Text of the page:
3 Credit Secrets Millionaires Use as Leverage Time-tested ways to make yourself a better loan candidate.

By Antoine Sallis

Opinions expressed by Entrepreneur contributors are their own.

As the old saying goes, the rich get richer while the poor get poorer, but why is it that some people seem to have the knack for accumulating wealth, seemingly without much effort? Are these people born lucky, or are they simply privileged? What's certain is that in order to manage money successfully, it's vital to absorb some basics of how things work in the financial world, as well as certain tricks of the trade with which savvy millionaires are likely familiar.

1. The inside banking secret

Banks use several factors to measure a potential borrower's level of risk. These include the amount of money in his or her bank account (primarily savings), age of the account, and how many deposits come into it (as opposed to withdrawals). In a savings account, it is recommended that you have at least $400, but the more the merrier. It's also recommended that you have a larger number of withdrawals than deposits, and many banks additionally prefer that you leave 20% of all deposits in an account. (This explains why incentives for keeping money in a checking account are so frequently seen.) However, very few people know that having multiple accounts within one institution can greatly increase your banking credibility. In addition to a personal checking and savings account, you can have a credit card, a HELOC (home equity line of credit), a signature loan, mortgage or an auto loan. Such diversity will greatly increase your chances of approval for any service you apply for.

Related: Should You Tap Into Personal Savings to Start a Business?

2. The "almost paid" installment secret

The time has come: you've finally got the funds to pay off an auto or signature loan… you have a chance to reduce debt and increase your credit score. Sounds good, right? Not exactly. Installment loans are accounts that have one set payment amount, and once it's paid off, the account closes. The problem is that on your credit profile, an open account is worth far more than a closed account. However, the more that debt on an open account is reduced, the more points will be added to a score. So, if you are financing a car or house and can afford to pay down an installment loan, do so, but just down to 10% of the remaining balance. This leaves the account open while reducing the utilization on it, resulting in a credit score jump in most cases.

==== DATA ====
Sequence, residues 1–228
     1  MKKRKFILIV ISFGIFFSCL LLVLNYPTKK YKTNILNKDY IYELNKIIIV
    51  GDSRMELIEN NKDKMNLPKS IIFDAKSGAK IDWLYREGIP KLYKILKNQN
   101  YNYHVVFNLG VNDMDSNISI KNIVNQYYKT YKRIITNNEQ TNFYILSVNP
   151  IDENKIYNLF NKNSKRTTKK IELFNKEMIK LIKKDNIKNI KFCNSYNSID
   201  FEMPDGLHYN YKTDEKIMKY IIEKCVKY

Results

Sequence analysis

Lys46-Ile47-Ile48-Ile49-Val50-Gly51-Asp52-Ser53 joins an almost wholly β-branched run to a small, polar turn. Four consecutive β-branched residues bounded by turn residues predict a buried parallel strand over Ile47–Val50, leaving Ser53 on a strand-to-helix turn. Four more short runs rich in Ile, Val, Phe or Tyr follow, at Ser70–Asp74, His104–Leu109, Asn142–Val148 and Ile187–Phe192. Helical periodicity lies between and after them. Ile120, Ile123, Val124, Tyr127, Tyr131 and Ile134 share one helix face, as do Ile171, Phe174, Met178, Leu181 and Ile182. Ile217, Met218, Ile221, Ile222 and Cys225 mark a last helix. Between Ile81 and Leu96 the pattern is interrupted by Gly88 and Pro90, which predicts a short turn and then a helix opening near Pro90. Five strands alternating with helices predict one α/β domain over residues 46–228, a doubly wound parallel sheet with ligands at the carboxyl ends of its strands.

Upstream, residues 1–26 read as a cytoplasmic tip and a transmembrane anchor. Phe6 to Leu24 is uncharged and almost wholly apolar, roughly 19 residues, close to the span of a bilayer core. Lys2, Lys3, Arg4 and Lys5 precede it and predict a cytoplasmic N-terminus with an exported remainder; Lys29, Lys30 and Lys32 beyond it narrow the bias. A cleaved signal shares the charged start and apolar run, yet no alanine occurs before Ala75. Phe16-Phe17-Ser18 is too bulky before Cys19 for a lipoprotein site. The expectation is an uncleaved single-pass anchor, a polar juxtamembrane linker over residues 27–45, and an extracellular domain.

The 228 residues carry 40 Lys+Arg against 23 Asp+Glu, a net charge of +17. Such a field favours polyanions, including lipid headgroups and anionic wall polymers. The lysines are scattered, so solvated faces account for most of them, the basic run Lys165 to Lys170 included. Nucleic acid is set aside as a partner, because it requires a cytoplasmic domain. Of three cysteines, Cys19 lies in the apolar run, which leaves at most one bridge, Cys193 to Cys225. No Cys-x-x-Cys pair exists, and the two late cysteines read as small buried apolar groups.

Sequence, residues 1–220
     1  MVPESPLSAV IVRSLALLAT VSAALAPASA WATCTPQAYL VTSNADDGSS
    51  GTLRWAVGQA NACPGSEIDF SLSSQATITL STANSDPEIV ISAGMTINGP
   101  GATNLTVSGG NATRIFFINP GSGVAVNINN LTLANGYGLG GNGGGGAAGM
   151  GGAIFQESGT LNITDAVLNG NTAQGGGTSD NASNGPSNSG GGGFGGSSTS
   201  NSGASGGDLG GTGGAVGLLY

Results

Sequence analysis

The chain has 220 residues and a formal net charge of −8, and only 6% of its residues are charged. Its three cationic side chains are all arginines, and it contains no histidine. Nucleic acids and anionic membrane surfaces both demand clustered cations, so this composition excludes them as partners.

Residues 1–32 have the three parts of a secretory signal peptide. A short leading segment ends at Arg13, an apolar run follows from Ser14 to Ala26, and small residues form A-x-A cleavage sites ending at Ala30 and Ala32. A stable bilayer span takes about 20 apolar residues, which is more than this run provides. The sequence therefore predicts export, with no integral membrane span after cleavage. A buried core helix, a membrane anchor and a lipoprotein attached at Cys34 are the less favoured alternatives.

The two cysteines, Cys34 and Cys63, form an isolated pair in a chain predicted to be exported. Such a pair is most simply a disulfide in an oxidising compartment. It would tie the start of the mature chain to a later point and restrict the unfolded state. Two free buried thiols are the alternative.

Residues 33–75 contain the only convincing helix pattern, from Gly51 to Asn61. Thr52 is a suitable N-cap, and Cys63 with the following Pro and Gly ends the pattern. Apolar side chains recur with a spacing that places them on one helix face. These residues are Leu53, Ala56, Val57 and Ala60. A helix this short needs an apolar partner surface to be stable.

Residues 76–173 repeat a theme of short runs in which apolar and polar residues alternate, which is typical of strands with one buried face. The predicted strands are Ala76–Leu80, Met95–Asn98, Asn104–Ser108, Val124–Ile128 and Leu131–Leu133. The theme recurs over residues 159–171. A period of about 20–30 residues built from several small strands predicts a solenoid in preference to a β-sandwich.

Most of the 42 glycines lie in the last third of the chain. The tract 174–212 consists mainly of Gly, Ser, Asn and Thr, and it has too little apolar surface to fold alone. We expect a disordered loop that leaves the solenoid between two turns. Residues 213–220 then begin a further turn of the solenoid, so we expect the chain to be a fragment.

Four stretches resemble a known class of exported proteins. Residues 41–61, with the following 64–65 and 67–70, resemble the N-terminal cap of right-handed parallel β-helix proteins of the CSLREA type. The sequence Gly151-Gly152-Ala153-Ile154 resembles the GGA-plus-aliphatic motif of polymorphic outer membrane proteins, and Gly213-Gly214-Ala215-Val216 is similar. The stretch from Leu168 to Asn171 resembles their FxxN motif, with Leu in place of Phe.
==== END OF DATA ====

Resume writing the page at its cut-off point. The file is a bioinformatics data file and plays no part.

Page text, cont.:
3. The enhanced DTI secret

When applying for items such as a vehicle, credit card, even a house, one of the main things that lenders look at is a borrower's debt-to-income (DTI) ratio. To calculate yours, divide gross monthly income (income from all sources before taxes) by gross monthly debt (all bills, including food, gas, rent and utilities). If this number is under 30%, underwriters will look favorably on your file.

As a general rule, you want income to be high and debt to be low, but even if debt-to-income ratio is on the high side, there is a way to counteract that: For bank applications in most cases, you can include projected income or household income. In calculating household income, include amounts that anyone in the home pays in terms of rent or other expenses, including family members, roommates and spouses. Alternatively, if sharing the rent with one or more people, you can divide the total amount of rent by the number of people paying it.

On many applications, there may be an ask for projected income. This is a chance for you to be creative, and think of the highest amount you can realistically make in your field for the next year, which will improve your DTI ratio and exponentially increase your chances of approval.

Related: 5 Tips to Improve Your Odds of Getting a Small Business Loan

Wavy Line
Antoine Sallis

President at Pacc 10 Enterprise

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